When planning (or rather, preparing for) our birth, I started taking stock of all the “I wish I had…” sentiments I'd ever encountered with regard to birthing babies. The most common regrets I encountered had NOTHING to do with intervention do's/don't's, doulas or midwives present/not-present, essential oils used/not used, etc. Nope, the overwhelmingly most common “regret” I encountered was “it didn't go as planned.” These sweet, sweet mamas made their Birth Plan (like we feel we're supposed to), dotted their I's, crossed their T's, relayed their plan to the entire birthing team, and then …you-know-what hit the fan. Because of unpredictable circumstances, they were left feeling out of control and outside the margins of THE PLAN. Even though they had perfectly healthy, happy, vibrant babies and their health was also beautifully in-tact, they still felt like they had somehow failed. They failed their birth plan because the real events didn't follow their expectations.
I took this to heart and used it as fuel for my own “plan.” My own plan was instead to have a set of wishes (to read: our preferences), but ultimately, healthy baby + healthy mamma are priority over all others. Here's how our wishes read in order of priority:
- Healthy baby + healthy mamma.
- As little worry or stress as possible for everyone involved (as in: it was important for me that my husband also have a good experience). In the event of a stressful situation, we will rely on: our faith, the team of vetted/trusted medical professionals, and our parents for perspective.
- The other wishes included things like: when we want to bathe our baby, what kind of intervention we want and when, the diapers we prefer, cord clamping preferences, etc. If you'd like to see our detailed “birth wishes” (as in, the actual sheet we shared with family + our birthing team), please let me know! I can possibly share it in another post.
What Actually Happened
Now for the story!
I spent the days before Gray's birthday (January 25, 2018) drinking buckets of red raspberry leaf tea, eating dates, and doing my “get the baby into position” movements with the birthing ball. I have vivid memories of sitting/leaning on that birthing ball for hours in our living room, next to a plate of dates (+peanut butter, honey, and sea salt) and a big cup of tea, as I started watching Grey's Anatomy (I'm SO late to the party). My mindset at the time was: “babies are born on their birthday.” I was more comfortable than I would have expected and in NO rush to meet her. That being said, I still wanted to do my part to help get my body ready for her arrival.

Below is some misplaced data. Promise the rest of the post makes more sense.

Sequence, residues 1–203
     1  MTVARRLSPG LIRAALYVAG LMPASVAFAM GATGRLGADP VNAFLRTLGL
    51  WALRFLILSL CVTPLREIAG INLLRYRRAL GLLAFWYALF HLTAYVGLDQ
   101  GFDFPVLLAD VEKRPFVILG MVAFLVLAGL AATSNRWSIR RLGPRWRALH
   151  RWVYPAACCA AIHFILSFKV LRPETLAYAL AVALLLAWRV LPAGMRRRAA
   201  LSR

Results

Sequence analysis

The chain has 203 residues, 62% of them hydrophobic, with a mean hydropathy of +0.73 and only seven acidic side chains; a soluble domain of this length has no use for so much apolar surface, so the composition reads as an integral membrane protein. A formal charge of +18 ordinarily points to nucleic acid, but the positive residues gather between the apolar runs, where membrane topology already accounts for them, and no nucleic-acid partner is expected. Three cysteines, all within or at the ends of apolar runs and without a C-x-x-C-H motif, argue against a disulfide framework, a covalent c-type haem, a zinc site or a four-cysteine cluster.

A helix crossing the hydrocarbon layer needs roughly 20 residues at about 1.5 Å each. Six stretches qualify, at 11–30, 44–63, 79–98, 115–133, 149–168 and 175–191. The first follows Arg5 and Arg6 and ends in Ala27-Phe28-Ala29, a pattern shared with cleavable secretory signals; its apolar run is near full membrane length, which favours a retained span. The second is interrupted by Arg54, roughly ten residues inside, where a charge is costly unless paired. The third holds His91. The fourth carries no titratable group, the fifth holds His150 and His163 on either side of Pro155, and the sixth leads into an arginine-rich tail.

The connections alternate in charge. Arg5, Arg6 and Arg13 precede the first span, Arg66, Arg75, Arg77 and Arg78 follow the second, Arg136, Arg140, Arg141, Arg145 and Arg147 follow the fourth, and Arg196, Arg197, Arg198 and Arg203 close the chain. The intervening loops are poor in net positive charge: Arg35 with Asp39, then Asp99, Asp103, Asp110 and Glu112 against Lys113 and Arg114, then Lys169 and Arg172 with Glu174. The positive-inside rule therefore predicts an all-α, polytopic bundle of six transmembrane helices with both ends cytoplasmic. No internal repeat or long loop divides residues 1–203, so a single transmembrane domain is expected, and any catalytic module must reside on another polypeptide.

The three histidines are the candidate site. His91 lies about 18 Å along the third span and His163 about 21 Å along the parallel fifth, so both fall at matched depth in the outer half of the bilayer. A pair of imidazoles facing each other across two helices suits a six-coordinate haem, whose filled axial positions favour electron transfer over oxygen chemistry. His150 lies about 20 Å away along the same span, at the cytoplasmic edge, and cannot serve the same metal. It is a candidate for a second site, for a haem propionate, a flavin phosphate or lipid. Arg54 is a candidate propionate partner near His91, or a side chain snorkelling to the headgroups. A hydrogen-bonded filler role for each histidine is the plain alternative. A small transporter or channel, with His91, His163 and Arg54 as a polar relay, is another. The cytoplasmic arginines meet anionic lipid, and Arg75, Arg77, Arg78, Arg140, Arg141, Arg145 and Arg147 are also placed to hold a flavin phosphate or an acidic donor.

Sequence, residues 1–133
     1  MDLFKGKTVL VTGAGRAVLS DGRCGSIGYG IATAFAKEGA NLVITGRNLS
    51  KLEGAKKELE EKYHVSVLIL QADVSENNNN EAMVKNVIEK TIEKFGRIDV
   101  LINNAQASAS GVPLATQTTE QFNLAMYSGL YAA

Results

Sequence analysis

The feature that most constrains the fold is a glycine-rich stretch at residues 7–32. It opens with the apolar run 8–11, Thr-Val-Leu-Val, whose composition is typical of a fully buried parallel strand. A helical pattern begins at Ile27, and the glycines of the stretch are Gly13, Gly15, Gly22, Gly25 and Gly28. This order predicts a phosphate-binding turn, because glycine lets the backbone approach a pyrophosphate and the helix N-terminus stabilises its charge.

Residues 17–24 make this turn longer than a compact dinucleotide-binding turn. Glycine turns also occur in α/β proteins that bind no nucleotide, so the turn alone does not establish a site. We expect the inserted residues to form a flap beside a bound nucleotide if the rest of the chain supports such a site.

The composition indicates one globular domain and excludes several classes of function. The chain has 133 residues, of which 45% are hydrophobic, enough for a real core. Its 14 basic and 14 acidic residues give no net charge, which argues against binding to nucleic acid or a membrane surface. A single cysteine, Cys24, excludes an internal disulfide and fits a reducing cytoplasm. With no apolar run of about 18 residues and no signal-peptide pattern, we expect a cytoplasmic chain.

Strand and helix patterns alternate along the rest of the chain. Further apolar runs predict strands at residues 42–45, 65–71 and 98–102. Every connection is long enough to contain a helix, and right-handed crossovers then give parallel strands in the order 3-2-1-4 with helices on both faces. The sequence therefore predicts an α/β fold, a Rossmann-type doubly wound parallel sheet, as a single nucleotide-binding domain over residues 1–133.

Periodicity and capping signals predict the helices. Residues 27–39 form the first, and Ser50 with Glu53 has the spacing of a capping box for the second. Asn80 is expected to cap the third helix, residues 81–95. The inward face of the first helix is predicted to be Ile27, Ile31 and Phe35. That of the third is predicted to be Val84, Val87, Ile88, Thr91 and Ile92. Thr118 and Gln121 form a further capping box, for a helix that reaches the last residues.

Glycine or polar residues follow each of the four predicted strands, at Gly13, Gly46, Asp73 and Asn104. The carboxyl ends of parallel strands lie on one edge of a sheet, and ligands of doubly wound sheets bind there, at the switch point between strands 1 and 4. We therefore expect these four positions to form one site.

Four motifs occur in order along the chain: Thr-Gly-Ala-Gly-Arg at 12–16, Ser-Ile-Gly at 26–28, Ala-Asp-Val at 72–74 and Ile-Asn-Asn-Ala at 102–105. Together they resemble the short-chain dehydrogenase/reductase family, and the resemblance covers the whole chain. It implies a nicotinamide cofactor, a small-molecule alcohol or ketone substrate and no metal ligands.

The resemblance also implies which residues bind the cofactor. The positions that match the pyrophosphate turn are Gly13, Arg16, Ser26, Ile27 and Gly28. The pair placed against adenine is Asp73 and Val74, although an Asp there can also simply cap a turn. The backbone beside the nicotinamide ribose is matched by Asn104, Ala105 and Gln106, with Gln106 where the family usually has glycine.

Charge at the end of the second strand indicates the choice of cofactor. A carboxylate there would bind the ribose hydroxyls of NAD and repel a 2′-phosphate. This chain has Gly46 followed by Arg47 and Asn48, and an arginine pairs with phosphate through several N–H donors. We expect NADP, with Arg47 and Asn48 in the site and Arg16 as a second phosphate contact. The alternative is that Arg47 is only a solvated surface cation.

The calendar started ticking away. About 4 days before her birth, I remember reaching the end of my “before baby” to-do list (I never actually thought I'd get to the bottom of that list). Not having a lot to do made me feel a little uncomfortable, because I'm most comfortable when being productive, but I realized that this quiet time was getting a head start on molding my heart for the quiet, sweet moments to come.
The night before our scheduled induction, my Mom and Dad (who live just 10 minutes from us), invited us over for dinner. My Dad broke out a bottle of lovely champaign (sparking grape juice for me) and my whole family raised a glass to Graysen Joy, the first in this next generation of the Garcia family. We gave thanks for her health, my health, and for the untold blessings to come.
That memory of sweet, anticipatory celebration is forever engrained in my memory. Sitting there with a giant belly, giggling with my family, and being the first to wish her a happy early birthday. Gosh, it was so special. I made the decision to “go dark” on social media that night because (again, like John Mayer), I wanted to experience our story before I told it. You all were so kind, gracious, and respectful of that. I can't thank you enough for giving us that precious space.
That night, I showered, blew out my hair, laid out my clothes for the hospital, and fell asleep holding my husband's hand over my belly. Soon. We get to meet her so, so soon.
If you want to know what I brought to the hospital, click HERE for the clothing, technology, snacks, etc. that I packed.
My alarm went off at at 6:30 the morning of January 25 (Thursday). Austin was already up and had cooked us up a wonderful breakfast (he even made me lemony kale, my favorite!). The whole morning happened in slow motion. I remember settling on an extra swipe of mascara because I thought that I may wear it for a few days – which I did! We climbed in the car, took our place in a bit of traffic, and were completely at peace. There are about 6 different ways we could have navigated to the hospital and Austin, like a good Dad-to-be, had scouted out his favorite/speediest path. Settling into the downhill slide to Gray's birth felt like we were able to finally sit back and enjoy all our preparations. We had our birth wishes, our bags were carefully packed, our prayers said, our families all looped-in, a healthy home waiting, and a healthy body (mine + her's) cared-for. It was time to hand all our careful work over to God. He's in charge from here out and I was honored to be along for the ride.